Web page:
(Originally published in the April 2006 Housing Journal)

Electrical Bureau Addresses Voltage Drop Clarifications

Attached is a copy of the code interpretation of the voltage drop requirement, supplied by Electrical Bureau Chief Rem Pacheco. The Electrical Bureau and TAC are currently looking at amending the 2005 NMEC Section 210.19 A that would incorporate the attached clarifications into the code.

CODE SECTION: 2005 New Mexico Electrical Code 210.19 (A) General. Voltage Drop.

Following is the interpretation of the Electrical Bureau with Electrical Technical Advisory Council (TAC) recommendation of 2005 NMEC Section 210.1(A):

  • Conductor length limitations of 75 feet and 150 feet shall apply to General Purpose Branch Circuits, 120 volts nominal between conductors.
  • General Purpose Branch Circuits that exceed 150 feet, General Purpose Branch Circuits that contain mixed conductor sizes, Individual Branch Circuits, Appliance Branch Circuits and branch circuits over 120 volts, nominal between conductors shall be sized so that the total circuit voltage drop does not exceed 5%.
  • It shall be permissible to install mixed conductor sizes in a branch circuit to compensate for voltage drop provided the total voltage drop of the branch circuit does not exceed 5% and the overcurrent protection device rating does not exceed the ampacity rating of the smallest conductor in the circuit.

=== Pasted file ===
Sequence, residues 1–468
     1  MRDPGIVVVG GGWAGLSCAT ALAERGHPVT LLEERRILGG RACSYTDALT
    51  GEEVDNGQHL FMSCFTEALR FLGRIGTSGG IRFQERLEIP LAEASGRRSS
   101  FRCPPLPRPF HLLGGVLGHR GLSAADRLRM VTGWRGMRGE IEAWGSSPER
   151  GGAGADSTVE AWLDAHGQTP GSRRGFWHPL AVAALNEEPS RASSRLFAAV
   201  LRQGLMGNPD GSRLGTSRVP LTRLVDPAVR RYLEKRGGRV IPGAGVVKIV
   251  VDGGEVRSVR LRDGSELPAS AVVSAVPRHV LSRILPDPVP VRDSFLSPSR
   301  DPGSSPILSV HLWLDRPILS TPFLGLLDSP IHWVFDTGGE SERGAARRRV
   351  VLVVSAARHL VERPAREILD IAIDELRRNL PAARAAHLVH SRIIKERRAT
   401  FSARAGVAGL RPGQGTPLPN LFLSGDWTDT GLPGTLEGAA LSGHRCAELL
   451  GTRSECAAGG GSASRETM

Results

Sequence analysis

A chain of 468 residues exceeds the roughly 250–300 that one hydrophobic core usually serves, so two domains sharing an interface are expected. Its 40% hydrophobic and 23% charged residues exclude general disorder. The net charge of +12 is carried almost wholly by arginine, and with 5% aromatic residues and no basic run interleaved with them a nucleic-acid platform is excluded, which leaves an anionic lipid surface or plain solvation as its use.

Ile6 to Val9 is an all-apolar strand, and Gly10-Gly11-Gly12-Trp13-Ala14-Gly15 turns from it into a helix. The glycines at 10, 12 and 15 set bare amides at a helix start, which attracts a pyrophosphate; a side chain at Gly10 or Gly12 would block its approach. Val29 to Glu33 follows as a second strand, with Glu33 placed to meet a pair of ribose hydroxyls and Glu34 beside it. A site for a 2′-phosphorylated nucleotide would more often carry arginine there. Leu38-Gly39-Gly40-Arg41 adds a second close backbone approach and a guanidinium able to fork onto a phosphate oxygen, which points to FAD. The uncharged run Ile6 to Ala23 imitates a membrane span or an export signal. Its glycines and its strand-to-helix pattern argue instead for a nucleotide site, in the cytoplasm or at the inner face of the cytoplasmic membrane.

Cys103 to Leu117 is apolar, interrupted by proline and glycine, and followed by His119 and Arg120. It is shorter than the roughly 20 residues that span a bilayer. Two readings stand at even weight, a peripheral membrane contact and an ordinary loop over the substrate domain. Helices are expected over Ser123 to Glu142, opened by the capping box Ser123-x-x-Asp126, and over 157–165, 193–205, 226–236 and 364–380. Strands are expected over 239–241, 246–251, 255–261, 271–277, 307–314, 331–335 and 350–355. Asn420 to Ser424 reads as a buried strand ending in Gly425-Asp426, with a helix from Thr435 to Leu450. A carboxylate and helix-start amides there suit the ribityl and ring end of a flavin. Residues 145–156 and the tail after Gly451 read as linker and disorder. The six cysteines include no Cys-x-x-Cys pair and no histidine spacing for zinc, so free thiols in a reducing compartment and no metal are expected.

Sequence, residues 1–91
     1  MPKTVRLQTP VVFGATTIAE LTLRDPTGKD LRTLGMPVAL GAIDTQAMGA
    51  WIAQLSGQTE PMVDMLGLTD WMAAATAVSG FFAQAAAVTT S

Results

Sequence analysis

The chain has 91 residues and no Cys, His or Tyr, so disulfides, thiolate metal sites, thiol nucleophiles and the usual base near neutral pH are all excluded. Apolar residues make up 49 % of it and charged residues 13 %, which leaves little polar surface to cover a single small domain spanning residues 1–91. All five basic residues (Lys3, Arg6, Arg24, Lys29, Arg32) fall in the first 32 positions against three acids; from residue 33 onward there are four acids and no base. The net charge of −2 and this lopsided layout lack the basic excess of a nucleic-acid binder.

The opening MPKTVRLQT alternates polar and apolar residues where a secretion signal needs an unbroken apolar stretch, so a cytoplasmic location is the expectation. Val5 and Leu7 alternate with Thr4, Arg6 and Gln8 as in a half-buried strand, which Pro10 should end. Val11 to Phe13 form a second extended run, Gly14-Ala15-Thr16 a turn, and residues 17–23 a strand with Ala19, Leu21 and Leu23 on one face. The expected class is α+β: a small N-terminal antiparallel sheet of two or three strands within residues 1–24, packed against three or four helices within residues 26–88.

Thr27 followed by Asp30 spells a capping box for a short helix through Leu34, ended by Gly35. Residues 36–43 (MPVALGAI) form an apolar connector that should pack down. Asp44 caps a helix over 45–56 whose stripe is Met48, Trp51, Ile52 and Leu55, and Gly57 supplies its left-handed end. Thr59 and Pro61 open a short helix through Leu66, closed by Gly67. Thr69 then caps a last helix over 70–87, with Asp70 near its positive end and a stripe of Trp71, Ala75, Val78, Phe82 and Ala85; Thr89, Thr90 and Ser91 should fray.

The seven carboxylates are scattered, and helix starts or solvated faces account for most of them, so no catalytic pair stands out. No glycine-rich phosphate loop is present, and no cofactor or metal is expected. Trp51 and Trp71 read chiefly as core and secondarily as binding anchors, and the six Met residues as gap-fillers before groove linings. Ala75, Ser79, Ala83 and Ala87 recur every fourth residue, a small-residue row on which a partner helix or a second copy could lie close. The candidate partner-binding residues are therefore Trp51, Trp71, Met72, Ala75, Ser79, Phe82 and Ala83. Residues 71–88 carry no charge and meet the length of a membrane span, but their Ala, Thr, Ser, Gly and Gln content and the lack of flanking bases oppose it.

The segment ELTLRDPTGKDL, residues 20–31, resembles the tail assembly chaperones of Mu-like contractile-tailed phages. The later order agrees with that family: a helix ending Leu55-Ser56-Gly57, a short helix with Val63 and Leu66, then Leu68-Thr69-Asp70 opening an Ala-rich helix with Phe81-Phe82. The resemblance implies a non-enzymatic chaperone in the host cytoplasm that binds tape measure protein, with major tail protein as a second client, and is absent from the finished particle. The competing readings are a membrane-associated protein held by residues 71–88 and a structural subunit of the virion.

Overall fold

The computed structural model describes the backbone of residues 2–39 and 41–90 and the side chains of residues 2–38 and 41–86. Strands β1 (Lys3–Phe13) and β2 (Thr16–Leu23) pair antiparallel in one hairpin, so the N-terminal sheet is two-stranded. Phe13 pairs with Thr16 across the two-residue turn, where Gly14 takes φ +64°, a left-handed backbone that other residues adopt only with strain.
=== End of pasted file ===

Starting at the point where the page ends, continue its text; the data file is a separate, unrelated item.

• The ampacity to be used when calculating voltage drop shall be permitted to be 80% of the General Purpose Branch Circuit overcurrent protection device rating, or the connected load of an Individual or Appliance Branch Circuit.
  • Smoke detector circuits in a single-family dwelling are exempt from the conductor length limitations since the load is minimal.
  • Lighting switch leg and switch traveler conductors are exempt from the conductor length limitations provided the voltage drop of the branch circuit does not exceed 5%.
  • The conductor resistance values of 2005 NEC Chapter 9 Table 8 may be used when calculating voltage drop and the basic voltage drop formula found in the 2005 NEC Handbook page 98 may be used.

Pacheco also stated that an electrical panel is permitted to be installed in any room of a dwelling including hallways, except clothes closets, bathrooms, cupboards, pantries or similar locations that restrict ready access (2005 NEC 240.24, 2005 NMEC 240.24 F). A panel must maintain a minimum of 3 feet working space in front of the panel and must be readily accessible for operation (2005 NEC 110.26, 240.24 A). This means an electrical panel may not be installed behind a picture or other obstruction that would make it not readily accessible.